Politicians seem to be putting a special effort into wooing older high-school students during this election season. The 18-year-olds among them will be eligible to vote for the first time on March 17, and thousands more will cast their votes in mock elections that are being taken quite seriously by the parties.
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Dozens of schools have held panel discussions featuring party representatives, while a smaller number held larger events with party workers handing out campaign materials. In addition, party leaders, including Naftali Bennett, Yair Lapid, Tzipi Livni and Isaac Herzog, have each made personal appearances at a number of high schools.
As usual, much of the spotlight has been on Ramat Gan’s Blich High School. The heads of nearly all the parties paid a visit ahead of its mock election on Sunday, a campaign ritual since 1973.
The event had a carnival atmosphere, with a crowd including not only staff and students but also Knesset members, candidates and party workers from across the political spectrum.
Yair Lapid’s Yesh Atid party made the biggest splash, building a giant outdoor stage in the schoolyard on which dancers performed. Livni and Herzog’s Zionist Union brought in two deejays. The other parties settled for putting up dozens of posters and staffing booths.
Zionist Union won Sunday’s mock vote at the school – which in the past has foreshadowed national electoral trends – with 32 percent of the vote, equivalent to 38 Knesset seats. Some 1,000 (or 84 percent) of “eligible” 11th- and 12th-graders took part.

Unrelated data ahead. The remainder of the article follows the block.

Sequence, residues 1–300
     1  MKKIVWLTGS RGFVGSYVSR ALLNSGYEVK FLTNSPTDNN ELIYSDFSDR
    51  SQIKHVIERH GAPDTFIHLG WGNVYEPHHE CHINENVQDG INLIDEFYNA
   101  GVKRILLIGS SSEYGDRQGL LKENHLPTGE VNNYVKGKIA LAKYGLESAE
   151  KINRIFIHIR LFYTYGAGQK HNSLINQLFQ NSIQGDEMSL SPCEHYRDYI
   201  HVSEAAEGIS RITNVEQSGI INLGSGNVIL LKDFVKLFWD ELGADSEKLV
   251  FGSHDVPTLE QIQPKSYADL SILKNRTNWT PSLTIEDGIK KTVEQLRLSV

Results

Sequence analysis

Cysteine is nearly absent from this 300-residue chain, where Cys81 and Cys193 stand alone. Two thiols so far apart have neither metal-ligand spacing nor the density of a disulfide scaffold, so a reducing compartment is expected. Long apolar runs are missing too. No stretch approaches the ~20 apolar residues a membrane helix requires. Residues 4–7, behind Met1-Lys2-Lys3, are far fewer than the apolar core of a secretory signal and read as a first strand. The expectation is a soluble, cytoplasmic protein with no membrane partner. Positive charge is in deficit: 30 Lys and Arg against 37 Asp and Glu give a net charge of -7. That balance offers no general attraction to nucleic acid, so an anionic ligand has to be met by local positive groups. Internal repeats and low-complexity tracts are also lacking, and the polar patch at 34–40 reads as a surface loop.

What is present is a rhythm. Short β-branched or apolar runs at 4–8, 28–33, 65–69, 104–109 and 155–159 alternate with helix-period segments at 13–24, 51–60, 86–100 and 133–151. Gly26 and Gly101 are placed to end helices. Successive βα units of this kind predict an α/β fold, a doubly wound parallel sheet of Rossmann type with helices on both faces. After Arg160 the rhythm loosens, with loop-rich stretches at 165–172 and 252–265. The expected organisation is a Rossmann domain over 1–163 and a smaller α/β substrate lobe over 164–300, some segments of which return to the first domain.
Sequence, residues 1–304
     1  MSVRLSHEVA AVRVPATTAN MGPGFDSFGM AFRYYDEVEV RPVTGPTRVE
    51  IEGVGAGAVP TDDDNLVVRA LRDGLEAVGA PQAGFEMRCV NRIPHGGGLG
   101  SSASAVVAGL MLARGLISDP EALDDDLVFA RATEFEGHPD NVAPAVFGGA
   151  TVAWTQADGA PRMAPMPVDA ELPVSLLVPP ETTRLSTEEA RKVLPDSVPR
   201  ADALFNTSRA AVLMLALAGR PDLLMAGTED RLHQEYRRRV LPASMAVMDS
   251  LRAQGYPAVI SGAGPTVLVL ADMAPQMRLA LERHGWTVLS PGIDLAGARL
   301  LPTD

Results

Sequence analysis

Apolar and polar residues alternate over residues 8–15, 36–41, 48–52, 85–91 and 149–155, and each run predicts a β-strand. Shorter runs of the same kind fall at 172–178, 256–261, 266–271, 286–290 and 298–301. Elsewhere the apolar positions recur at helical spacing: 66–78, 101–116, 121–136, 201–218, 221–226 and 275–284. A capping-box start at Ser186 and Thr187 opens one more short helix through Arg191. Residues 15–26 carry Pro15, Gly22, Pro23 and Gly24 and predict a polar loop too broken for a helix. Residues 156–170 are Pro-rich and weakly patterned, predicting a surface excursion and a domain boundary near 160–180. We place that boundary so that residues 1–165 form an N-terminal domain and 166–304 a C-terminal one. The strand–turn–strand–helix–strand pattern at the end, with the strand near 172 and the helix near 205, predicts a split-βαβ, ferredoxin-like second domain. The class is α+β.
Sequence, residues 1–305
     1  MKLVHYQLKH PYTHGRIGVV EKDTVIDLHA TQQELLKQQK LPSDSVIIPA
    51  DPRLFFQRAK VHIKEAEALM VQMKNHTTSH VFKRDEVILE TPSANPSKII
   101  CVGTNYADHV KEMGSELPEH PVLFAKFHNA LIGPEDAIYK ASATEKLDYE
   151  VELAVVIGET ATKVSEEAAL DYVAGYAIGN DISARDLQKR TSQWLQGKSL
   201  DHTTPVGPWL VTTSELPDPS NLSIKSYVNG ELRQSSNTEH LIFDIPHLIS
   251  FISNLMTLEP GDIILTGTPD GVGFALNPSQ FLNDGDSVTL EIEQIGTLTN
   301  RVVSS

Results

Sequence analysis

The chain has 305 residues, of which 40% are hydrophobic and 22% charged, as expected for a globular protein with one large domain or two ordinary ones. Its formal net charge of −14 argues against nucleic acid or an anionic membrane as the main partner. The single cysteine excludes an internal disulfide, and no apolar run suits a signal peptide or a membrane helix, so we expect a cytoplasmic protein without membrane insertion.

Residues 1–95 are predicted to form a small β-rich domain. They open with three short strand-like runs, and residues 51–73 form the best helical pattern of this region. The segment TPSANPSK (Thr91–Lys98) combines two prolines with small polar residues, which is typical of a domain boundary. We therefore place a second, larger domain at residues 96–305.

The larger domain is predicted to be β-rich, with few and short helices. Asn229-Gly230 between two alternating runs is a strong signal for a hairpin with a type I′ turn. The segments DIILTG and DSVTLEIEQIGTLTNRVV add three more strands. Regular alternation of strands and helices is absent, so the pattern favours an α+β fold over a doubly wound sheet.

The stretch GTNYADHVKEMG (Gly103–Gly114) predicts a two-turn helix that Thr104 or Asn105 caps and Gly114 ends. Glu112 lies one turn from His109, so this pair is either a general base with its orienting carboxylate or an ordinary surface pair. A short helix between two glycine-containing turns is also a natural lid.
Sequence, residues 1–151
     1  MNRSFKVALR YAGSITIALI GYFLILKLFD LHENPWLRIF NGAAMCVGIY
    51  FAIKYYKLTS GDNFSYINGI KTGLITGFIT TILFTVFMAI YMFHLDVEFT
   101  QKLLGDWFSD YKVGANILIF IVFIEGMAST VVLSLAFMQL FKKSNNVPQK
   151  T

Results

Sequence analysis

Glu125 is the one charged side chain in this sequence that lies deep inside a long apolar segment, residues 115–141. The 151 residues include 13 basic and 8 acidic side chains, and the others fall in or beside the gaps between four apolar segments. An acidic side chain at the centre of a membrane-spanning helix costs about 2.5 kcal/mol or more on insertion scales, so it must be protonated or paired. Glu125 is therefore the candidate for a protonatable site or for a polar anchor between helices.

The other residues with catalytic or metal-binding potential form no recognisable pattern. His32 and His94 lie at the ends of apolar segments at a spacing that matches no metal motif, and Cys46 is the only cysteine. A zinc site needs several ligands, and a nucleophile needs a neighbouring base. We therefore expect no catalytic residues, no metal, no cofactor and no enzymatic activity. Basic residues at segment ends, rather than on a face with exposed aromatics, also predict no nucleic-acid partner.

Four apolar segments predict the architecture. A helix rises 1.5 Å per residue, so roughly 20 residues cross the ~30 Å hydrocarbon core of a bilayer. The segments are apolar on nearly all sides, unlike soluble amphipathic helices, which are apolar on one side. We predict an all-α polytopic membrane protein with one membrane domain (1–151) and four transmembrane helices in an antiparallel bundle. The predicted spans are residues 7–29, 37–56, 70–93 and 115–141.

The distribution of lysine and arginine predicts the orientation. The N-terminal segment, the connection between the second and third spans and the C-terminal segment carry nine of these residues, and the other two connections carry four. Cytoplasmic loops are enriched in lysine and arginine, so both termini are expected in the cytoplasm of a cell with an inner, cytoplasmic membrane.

Yesh Atid placed second with 28 percent of the vote (34 seats), while Likud was third with 14 percent (17 seats). Habayit Hayehudi won 10 percent (12 seats), followed by Meretz (9 percent, 11 seats), Kulanu (5 percent, 6 seats) and Yisrael Beiteinu (2 percent, 2 seats).
In 2013, Yesh Atid won 27 percent of the Blich vote – much more than the 10 to 12 Knesset seats that opinion polls gave it at the time (Yesh Atid ended up with 19 Knesset seats). The joint Likud-Yisrael Beiteinu ticket won 25 percent of the vote, followed by the Labor Party (23 percent), Habayit Hayehudi (11 percent), Meretz (4 percent) and Shas (3 percent).
“It’s persuasive and caused a lot of people to be persuaded and to vote" for Yesh Atid, one 10th-grade girl said about the party’s efforts ahead of the vote.
“They unite us, bringing in young people to dance and make people happy, it does the trick,” said another. A third predicted that Zionist Union would win, “because they brought in two rappers.”
A 12th-grader who voted for Zionist Union said he thought Lapid “spent too much money on nonsense and his party isn’t promoting anything here.” He conceded, however, that he did learn about the parties’ platforms, as well as “how elections are conducted.” A classmate said, “Yesh Atid knows how to play the game, and they realize that most of the students here don’t vote according to ideology but instead go for whoever parties the most.”
Some Knesset members and candidates from other parties did not look kindly on Yesh Atid’s efforts to attract votes. Michael Oren, the former ambassador to the United States who joined Moshe Kahlon’s Kulanu party, who later attended a panel discussion with students at Thelma Yellin High School of the Arts in nearby Givatayim, told fellow panelist Yael German (Yesh Atid) that her party’s “performance with the dancers was inappropriate.
“You are a party that presumes to represent the disadvantaged, it really made me sick," he said. "It’s not appropriate for a party to pour millions into a campaign and break-dancing dancers.”
Tamar Zandberg (Meretz) has attended a few high school events a week of late, becoming her party’s unofficial school envoy. She agreed that the festivities at Blich were over the top. But she thinks the panel discussions being held at schools made a positive contribution.
“I was on panels of all types and from all parts of the population. One can see that in the places where the school and the staff made an effort, the students underwent a process," Zandberg said. "It’s one of the central arenas during the campaign season that offers an opportunity to relay messages to a large group of people who are very attentive. At high schools, I was asked the toughest, most relevant and sharpest questions. There was informed and practical debate, alongside growing populism.